Pressing the big friendly blue button activates the car sending a discrete “start-up” tone through the sound system as if someone has restarted the USS Enterprise. If you’re feeling frisky you can select the drive mode button and toggle to “sport” which is shown as an icon on the LCD. The car also warns you if you’re still plugged into charging station. Ripping out your power cord could cause no end of expensive problems. The only gripe here was each and every time you charge you must remember to ensure the charging mode is set to “10 amp” or she will take a million years charging at “6 amps”. For some odd reason the Yanks chose to snatch defeat from the jaws of victory.

When I gently depressed the pedal the first time, I was unsure what to expect. The sensation of instant acceleration in utter silence is spooky. The only sound is the whisper from the air vents and with no engine and no gearbox as such, there is no vibration and no gear changes. The only sensation is one of being pushed gently back in your seat, unless you manage to find a blemish on the road surface where a subtle bump is felt. The ride really is that good. 200 kilos of batteries makes the smallish car ride like a big one. The silent acceleration is addictive and you find yourself wanting to do it over and over again. I doubt if even several years of ownership would dampen that urge, in fact it would be a great shame if it did. Each and every traffic light was like experiencing it for the first time. You look for an excuse to slow down so you can speed up again. And all of this without using a single drop of fuel which took nature millions of years to create. And before you all jump up and down in genuine fake moral indignation, you can charge the Volt entirely from “green renewable fossil-free” power. You could power it from your own PVCs if you felt so inclined. Endless free driving. Can you make a petrol engine emit zero CO2?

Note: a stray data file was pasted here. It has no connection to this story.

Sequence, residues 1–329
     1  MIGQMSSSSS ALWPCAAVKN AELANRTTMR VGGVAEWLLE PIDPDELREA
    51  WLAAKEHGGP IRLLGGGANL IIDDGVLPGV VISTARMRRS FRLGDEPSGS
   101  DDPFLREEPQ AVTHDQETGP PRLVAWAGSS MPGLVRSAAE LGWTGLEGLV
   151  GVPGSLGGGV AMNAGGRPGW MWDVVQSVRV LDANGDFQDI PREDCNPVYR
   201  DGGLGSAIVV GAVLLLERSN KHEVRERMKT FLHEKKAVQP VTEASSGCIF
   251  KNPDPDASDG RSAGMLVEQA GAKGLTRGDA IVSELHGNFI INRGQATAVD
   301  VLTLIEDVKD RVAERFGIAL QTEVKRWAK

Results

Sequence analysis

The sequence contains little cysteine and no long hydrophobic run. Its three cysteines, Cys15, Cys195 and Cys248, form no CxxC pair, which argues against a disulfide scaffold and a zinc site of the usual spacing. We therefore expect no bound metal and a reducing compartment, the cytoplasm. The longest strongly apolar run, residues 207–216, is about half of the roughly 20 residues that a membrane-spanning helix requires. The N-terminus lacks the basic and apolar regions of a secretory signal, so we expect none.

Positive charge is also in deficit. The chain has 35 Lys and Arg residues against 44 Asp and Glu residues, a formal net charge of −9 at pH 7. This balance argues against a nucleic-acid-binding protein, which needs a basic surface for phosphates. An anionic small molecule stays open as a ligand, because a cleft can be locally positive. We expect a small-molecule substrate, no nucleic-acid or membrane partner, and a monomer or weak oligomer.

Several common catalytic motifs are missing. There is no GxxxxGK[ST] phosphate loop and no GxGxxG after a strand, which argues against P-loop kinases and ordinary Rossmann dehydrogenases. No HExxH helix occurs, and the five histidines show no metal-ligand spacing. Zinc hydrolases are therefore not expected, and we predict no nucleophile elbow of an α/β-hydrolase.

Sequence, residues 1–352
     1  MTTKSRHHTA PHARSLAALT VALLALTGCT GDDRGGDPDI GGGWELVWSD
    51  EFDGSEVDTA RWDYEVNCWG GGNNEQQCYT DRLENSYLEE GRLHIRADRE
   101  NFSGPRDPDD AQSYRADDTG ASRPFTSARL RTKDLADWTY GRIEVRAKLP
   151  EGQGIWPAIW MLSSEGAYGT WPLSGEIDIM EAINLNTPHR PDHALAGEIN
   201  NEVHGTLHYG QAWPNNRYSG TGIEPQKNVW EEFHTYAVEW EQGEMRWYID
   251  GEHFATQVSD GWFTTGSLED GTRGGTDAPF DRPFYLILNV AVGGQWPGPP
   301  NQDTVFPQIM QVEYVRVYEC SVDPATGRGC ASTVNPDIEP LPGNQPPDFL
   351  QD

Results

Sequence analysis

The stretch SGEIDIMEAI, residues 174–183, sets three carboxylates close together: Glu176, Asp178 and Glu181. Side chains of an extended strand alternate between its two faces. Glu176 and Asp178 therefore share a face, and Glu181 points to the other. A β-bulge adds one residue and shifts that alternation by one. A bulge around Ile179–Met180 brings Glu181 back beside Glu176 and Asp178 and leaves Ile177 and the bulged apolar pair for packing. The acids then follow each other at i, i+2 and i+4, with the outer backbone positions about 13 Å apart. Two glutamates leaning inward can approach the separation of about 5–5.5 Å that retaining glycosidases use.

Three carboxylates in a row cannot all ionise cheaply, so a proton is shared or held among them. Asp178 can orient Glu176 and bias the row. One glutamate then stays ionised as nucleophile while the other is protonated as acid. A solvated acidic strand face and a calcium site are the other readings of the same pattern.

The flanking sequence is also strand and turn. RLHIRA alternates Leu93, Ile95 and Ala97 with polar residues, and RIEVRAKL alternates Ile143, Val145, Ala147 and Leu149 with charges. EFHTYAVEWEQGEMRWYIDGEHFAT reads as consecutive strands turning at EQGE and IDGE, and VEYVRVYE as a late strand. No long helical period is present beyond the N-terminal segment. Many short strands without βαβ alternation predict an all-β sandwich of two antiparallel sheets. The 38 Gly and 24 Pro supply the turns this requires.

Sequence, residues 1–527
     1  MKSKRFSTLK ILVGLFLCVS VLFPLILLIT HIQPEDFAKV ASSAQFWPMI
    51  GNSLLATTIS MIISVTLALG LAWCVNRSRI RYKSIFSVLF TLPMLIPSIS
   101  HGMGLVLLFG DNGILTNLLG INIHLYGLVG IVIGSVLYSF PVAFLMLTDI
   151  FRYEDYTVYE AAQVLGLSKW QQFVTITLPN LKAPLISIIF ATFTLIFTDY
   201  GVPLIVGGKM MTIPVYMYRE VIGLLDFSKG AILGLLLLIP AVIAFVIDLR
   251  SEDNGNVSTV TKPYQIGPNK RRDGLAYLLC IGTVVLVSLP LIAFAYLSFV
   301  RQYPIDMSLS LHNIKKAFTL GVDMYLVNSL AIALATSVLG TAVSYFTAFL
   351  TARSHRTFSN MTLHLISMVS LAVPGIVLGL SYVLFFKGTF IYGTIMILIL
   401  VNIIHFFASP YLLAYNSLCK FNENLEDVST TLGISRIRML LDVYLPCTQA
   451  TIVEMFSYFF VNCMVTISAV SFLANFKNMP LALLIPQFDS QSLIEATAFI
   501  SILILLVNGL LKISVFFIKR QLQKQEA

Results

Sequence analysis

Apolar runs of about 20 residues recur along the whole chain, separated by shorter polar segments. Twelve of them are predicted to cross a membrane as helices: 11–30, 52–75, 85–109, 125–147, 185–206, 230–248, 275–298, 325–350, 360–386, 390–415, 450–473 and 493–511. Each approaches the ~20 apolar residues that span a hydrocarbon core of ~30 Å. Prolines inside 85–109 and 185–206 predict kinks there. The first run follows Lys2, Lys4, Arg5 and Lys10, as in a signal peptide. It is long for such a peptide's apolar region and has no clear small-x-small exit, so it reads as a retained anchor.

Hot smelly traffic kicks the smug factor up a notch as you sit in your cabin in complete climate controlled silence. If you wish, the quality sound system can supply comforting strains to help you’re your journey pass in quiet contemplation. There is no vibration or noise from the engine to disturb your musings except for the afore-mentioned whisper from the air vents. I discovered some relaxation music on my phone which made each and every stop feel like a mini day-spa experience. I’ve bought myself a shiny new Iphone 5 and Bluetooth streaming runs the battery down fast so plugging in to the USB is essential. This is just as well as the blokes over at GM forgot to include Bluetooth audio streaming in the arsenal of Volt gadgetry. This oversight will hopefully be fixed in due course.

The average driver is going to get through most of his day without having to recharge but fear not, should you need to do a few more K’s than that the batteries will allow, the petrol engine cuts in seamlessly. Remember it is only charging the batteries to keep the electric motor going, so the drive is still as smooth and sophisticated as under normal battery power. It does get a bit raucous under hard acceleration because the electric motor needs so much extra oomph, but other than that you are not aware the petrol engine is running as it’s merely ticking over. Isn’t that nice?

I ran into what I thought were a few problems during the week with the charging. First I couldn’t get the charge light to on the dash to come on, then  I thought I wasn’t getting a full charge. I then figured out the procedure for plugging her in so the light came on almost every time. More importantly, the numbers indicated on the dash are the kilometres range based on driving style. In other words I have a foot which has been lovingly cast in solid lead and Volt wasn’t impressed. Putting the old darling in SPORT makes the situation worse and she goes through the charge like a fat kid through candy. There was no user guide with the Volt but one would think the charging process would have been straight forward. I took the unit out of the boot and attached it to the 10amp power point then plugged it into the car but the charging light didn’t come on. Unplugging it then plugging back in and switching the point back on did the trick. It was about then that I wondered what would happen if the cycle was interrupted by someone smart alec trying to pull the plug out, so I tired. Suffice to say it sets the alarm off, very loudly. The charge takes 6 hours from flat to charge but is faster from a 15amp point or public fast charge station.